We’re overdue for housing finance reform

Published 9:41 am Wednesday, January 22, 2014

by Mark R. Warner

After 18 months of work on this issue, I have good news and bad when it comes to Fannie Mae and Freddie Mac. The good news is that the government-backed mortgage companies now have paid back almost all of the $188 million bailout that taxpayers were required to provide when the housing industry cratered in 2008.

The bad news is we still haven’t fixed any of the structural problems at Fannie and Freddie that led to the bailout in the first place.

Fixing the government’s role in mortgage finance is the final piece of unfinished business remaining from the financial crisis. If we don’t fix it now, taxpayers will once again be on the hook the next time the mortgage industry gets ahead of itself.

I have partnered with Tennessee Republican Bob Corker in proposing a responsible and bipartisan blueprint to reform the federal government’s role in mortgage finance to make sure taxpayers will not be asked once again to be the first responders. Enough is enough.

Granted, Fannie and Freddie play an important role in mortgage finance: Their implied government backstop is key to the continued availability of the popular 30-year, fixed-rate mortgage. Our bipartisan proposal will maintain access to this popular home loan product.

Our reform proposal also strengthens access to financing for affordable, multifamily housing, which is a key housing option for many Virginians on their path toward eventual homeownership. And our bipartisan legislation also goes to great lengths to make sure that Virginia’s smaller banks and credit unions will not be shut out by national lenders in offering mortgage loans.

First, we mandate sufficient capital, up front, to protect taxpayers against loss. Our bill requires that private market participants absorb the first 10 percent of losses on any mortgage-backed security that purchases a government reinsurance wrap. If this standard had been in place during the crisis, taxpayers would have taken no losses at all.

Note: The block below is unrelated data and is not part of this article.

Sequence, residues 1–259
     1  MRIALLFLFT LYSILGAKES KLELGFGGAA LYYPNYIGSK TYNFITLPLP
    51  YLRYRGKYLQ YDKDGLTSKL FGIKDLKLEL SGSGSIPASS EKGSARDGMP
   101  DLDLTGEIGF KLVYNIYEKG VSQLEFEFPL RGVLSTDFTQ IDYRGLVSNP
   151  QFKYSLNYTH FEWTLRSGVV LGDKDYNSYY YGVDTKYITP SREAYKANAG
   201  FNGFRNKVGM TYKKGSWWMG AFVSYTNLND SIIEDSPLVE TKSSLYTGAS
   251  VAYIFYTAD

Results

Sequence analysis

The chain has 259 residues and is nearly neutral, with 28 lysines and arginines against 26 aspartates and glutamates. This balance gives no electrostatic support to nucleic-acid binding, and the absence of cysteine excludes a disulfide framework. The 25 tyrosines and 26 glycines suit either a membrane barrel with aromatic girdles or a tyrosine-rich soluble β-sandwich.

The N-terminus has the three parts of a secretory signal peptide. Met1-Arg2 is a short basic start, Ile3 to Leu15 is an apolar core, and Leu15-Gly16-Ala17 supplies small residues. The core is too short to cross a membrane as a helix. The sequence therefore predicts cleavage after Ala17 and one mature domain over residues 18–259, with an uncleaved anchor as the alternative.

Second, we dissolve Fannie and Freddie within five years, and transfer their responsibilities to a more modernized and streamlined agency. All of this is done with a duty to maximize returns to the taxpayer, via the Treasury, as Fannie and Freddie’s assets are sold off.

Finally, we provide support for low-income rental development and affordable homeownership in a more transparent and accountable way. These programs will be paid for not by taxpayers, but through a small assessment on only the loans that go through this improved system.

Sen. Corker and I, along with five Republicans and five Democrats who serve on the Senate Banking Committee, introduced this legislation in the summer of 2012. We believe our reform proposal represents a bipartisan, middle-of-the-road approach that responsibly restructures Fannie and Freddie over a five-year transition period.

Over the past year, the Senate Banking Committee has held 10 public hearings on this important issue, and we are optimistic that our proposal represents a solid framework that can move forward as thoughtful, bipartisan reform.

Over the past months, I also have conducted town hall meetings across Virginia with hundreds of homebuilders, mortgage lenders, realtors and consumer groups. I have heard important questions, and encouragement to get this legislation passed.

Some critics say our proposal goes too far, and others have said it does not go far enough. But regardless of where your political sensibilities are, you cannot believe the existing system is working.

Make no mistake: Time is not on our side. As memories of the 2008 mortgage finance crisis fade, the path of least resistance will be to simply reconstitute Fannie and Freddie as they were. I believe that would be totally irresponsible.

We believe our bipartisan approach is the best opportunity for real reform that protects taxpayers and preserves the 30-year fixed rate mortgage, while moving us toward a modernized, 21st-century housing finance system.

The alternative is to wait and do nothing, which is the equivalent of asking taxpayers to write a blank check for future bailouts.

I believe it is time to end the failed model of private gains and public losses.

MARK WARNER, a Democrat, is a former Virginia governor and co-founder of Nextel. He serves on the Senate’s Banking, Budget, Commerce and Intelligence committees. He can be contacted at www.warner.senate.gov.